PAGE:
UX Power Tool Time

4 topics. 2 thoughts each. Like a 2x4 of design opinions upside ya head.

Home Improvement was a staple of my 90’s childhood and inspiration for my design career.

Jon and I are a lot like like the dynamic duo of Tim “The Toolman” Taylor and Al Borland from the 90’s TV show, Home Improvement: We often wear flannel and blue, one of us can grow a beard, we love dad jokes, and we each have different perspectives on our industry.

We’ve written up two reactions to four recent topics in the design world (2x4, get it? It’s a construction reference!). I hope this inspires some of your own thoughts or even (respectful) dialog — we love to chat!

1. What does Airbnb’s React Sketch.app mean for design and automation?

I was as wowed by Jon Gold’s Painting with Code as you all were (if you haven’t seen it, go check it out). Two thoughts occurred to me since this emerged:

  1. Corporate design teams are open-sourcing their design process. As design systems become more than just style guides and actually include code components and automations, you also get design teams’ process along with the style. It’s powerful and inspiring, but don’t feel insecure if it’s not a fit for you and your process.
  2. Designers and developers both seem to be automating the handoff process from both ends: Code that can automate design, and design that can automate code. I wonder when of these groups might one day say, “oh you automated that? I actually liked doing that!” Overall, technology is giving us the power to automate almost any part of our process. In design, we have to ensure we understand what we actually want to automate and what we truly enjoy doing.

2. Will I really switch to Figma?

This article by Tom Johnson certainly makes a compelling case. Don’t get me wrong, UX Power Tools is all in on Sketch. But I’d be lying if I said I didn’t have “Try Figma” on my to-do list for a few months. Why?

  1. Design intelligence: I don’t personally care for the collaborative side of Figma, but they are doing some amazing things with components and responsiveness.
  2. Figma speaks product design language: Sketch continues to be open-ended — a design tool for everyone. It has a few stock templates that speak to UI designers but overall it doesn’t stake a claim for any type of design in particular. Figma, on the other hand, does so right on their website:
Turn Ideas into Products Faster. Design, present, and gather feedback all in one place with Figma.”

3. A different take on product emails

Extra.ai is something we pointed out on our Twitter account a few weeks ago because we loved their straightforward copy on the product marketing site. This is evident in Liam Sarsfield’s email campaign as well.

The first email you get after signing up for Extra.ai

You won’t find something like this in ReallyGoodEmails because — like uxpower.tools — it’s very minimalist. But here’s what we find so compelling about their emails:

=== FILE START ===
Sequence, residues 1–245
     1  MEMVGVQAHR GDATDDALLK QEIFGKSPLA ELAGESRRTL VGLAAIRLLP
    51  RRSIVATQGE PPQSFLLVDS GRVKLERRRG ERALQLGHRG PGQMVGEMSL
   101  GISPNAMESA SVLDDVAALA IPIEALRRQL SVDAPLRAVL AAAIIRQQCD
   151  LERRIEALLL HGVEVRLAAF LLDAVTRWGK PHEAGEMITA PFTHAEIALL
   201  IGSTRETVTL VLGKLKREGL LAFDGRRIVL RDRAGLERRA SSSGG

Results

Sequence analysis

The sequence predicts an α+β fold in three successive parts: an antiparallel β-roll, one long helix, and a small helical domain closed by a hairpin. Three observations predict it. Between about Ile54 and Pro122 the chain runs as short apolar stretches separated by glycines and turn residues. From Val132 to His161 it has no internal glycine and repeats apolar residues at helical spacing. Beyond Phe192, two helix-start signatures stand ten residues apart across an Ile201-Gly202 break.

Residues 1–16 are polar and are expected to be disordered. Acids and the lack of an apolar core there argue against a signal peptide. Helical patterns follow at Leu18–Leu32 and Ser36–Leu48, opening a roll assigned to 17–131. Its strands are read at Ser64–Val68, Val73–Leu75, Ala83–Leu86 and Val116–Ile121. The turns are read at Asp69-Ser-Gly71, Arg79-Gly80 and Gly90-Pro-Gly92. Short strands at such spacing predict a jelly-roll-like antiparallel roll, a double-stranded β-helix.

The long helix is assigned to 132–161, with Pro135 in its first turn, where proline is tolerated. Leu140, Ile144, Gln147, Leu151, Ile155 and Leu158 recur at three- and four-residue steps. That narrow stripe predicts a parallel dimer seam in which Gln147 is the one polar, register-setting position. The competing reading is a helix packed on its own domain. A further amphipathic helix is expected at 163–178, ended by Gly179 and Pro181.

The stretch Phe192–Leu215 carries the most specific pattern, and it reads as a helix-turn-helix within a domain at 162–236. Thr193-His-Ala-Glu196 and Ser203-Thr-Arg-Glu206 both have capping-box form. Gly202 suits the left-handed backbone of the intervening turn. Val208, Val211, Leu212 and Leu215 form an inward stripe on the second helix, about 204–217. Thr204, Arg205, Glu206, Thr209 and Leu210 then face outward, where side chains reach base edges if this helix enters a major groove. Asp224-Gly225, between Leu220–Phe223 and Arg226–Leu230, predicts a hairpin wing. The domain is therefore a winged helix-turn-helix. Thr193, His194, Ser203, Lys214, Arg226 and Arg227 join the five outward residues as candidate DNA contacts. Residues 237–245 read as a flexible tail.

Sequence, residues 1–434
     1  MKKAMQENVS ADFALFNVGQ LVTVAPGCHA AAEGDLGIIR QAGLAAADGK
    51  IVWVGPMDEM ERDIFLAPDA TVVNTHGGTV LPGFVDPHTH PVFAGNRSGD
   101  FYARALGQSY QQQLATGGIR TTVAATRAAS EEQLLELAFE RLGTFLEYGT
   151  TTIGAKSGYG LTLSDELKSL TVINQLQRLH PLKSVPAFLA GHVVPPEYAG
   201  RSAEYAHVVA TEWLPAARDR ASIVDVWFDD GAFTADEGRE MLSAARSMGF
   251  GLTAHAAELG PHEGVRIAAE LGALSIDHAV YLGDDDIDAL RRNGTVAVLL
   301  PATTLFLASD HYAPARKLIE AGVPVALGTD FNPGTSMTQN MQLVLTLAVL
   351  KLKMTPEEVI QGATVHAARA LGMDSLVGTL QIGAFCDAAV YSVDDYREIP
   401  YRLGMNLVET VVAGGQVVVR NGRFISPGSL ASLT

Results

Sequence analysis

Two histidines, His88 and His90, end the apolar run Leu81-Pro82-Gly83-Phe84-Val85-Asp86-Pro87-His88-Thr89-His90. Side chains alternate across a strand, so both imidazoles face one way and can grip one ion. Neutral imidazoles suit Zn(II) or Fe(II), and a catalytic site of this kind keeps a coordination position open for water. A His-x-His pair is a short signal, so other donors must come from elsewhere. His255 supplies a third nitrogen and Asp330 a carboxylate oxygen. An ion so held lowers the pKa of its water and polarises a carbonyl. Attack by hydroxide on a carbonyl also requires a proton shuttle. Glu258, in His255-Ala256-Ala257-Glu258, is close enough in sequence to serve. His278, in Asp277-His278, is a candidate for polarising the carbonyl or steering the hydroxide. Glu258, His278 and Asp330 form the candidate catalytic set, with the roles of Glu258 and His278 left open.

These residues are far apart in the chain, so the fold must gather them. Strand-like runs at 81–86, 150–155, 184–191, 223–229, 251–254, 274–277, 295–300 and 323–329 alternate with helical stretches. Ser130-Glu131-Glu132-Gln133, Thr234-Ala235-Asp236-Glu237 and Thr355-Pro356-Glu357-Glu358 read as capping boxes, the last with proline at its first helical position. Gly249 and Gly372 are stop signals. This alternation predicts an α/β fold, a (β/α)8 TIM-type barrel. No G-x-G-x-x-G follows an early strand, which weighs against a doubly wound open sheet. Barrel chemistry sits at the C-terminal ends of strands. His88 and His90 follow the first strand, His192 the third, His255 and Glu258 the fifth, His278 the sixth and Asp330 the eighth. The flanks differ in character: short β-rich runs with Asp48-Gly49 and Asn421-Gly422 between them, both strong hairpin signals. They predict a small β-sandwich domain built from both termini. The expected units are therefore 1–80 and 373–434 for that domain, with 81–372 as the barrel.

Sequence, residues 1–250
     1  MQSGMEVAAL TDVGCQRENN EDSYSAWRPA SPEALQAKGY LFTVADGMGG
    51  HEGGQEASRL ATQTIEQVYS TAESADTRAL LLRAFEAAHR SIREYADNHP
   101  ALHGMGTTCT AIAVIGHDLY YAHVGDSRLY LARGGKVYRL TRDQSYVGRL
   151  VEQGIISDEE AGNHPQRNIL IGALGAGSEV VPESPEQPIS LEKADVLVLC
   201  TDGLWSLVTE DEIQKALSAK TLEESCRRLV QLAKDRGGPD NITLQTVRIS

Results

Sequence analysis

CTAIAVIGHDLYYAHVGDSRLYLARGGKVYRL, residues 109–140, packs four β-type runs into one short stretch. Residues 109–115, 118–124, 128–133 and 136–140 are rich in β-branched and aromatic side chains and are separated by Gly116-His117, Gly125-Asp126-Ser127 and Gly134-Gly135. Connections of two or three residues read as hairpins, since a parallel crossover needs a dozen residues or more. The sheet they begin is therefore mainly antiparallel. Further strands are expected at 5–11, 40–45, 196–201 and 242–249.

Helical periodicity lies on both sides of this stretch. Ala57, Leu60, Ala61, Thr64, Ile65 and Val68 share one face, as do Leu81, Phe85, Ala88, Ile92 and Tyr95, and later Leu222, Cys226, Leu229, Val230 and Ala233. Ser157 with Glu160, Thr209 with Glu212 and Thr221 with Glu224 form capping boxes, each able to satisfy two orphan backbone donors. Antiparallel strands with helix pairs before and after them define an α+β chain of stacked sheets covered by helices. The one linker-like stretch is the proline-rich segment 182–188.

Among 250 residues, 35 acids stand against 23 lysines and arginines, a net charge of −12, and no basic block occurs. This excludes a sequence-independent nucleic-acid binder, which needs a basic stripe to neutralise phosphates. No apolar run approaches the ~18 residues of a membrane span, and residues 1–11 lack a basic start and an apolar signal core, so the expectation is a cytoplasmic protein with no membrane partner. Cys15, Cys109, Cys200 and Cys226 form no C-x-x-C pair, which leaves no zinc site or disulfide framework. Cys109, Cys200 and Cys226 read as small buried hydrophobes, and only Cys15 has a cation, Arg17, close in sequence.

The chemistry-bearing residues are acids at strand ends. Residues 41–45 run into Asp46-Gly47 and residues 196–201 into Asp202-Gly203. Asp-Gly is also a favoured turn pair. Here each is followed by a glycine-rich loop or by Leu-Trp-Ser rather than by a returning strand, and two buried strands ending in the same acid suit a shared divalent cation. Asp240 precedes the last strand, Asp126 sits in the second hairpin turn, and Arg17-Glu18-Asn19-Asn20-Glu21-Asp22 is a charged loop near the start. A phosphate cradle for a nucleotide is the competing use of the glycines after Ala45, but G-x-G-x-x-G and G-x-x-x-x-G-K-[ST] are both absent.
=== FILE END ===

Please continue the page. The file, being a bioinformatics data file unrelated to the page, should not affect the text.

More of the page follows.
1. Transparency. They are being transparent about their process as they head toward alpha. No dog and pony show here. This transparency motivated me to respond to this email, even though I typically ignore the first several marketing emails I get from new products.
  2. Education. They share personal philosophies on the industry through their content. There opinions aren’t polarizing, but they have a distinct point of view, and without even seeing the product, I feel smarter about social content.

4. Working up from UX design to product design

I won’t give you a convoluted diagram detailing all the different types of design, I promise. We recently showed off some ideas for instilling branding in your design, and while writing this, I reflected a lot on how I’ve personally made the transition from a trained interaction designer to product designer.

What does this mean?

  1. Usability is irrelevant if nobody is using it. People will use a design that is marketed to them in way that compels them to buy. Adding marketability to your design means that when it’s demoed or shown on a product site, it can resonate with a potential buyer.
  2. Good product design utilizes brand to the UX designer’s advantage. We see design teams weaving in brand into the product in a way that extends the brand to be helpful to the user. It can be copy and voice like Slack, or distinct visuals like Stripe.com. In either case, the method isn’t just slapping on visuals to make something look polished. Instead, they extend the voice and aesthetic of the product into the everyday experience.

That’s all for this month. One of us headed back to work and the other to Mexico for vacation. We’re happy to hear your thoughts on these topics as well. Otherwise it’s just us rambling into the Internet void (which we’re ok with).

Happy tooling!
Jon & Christian

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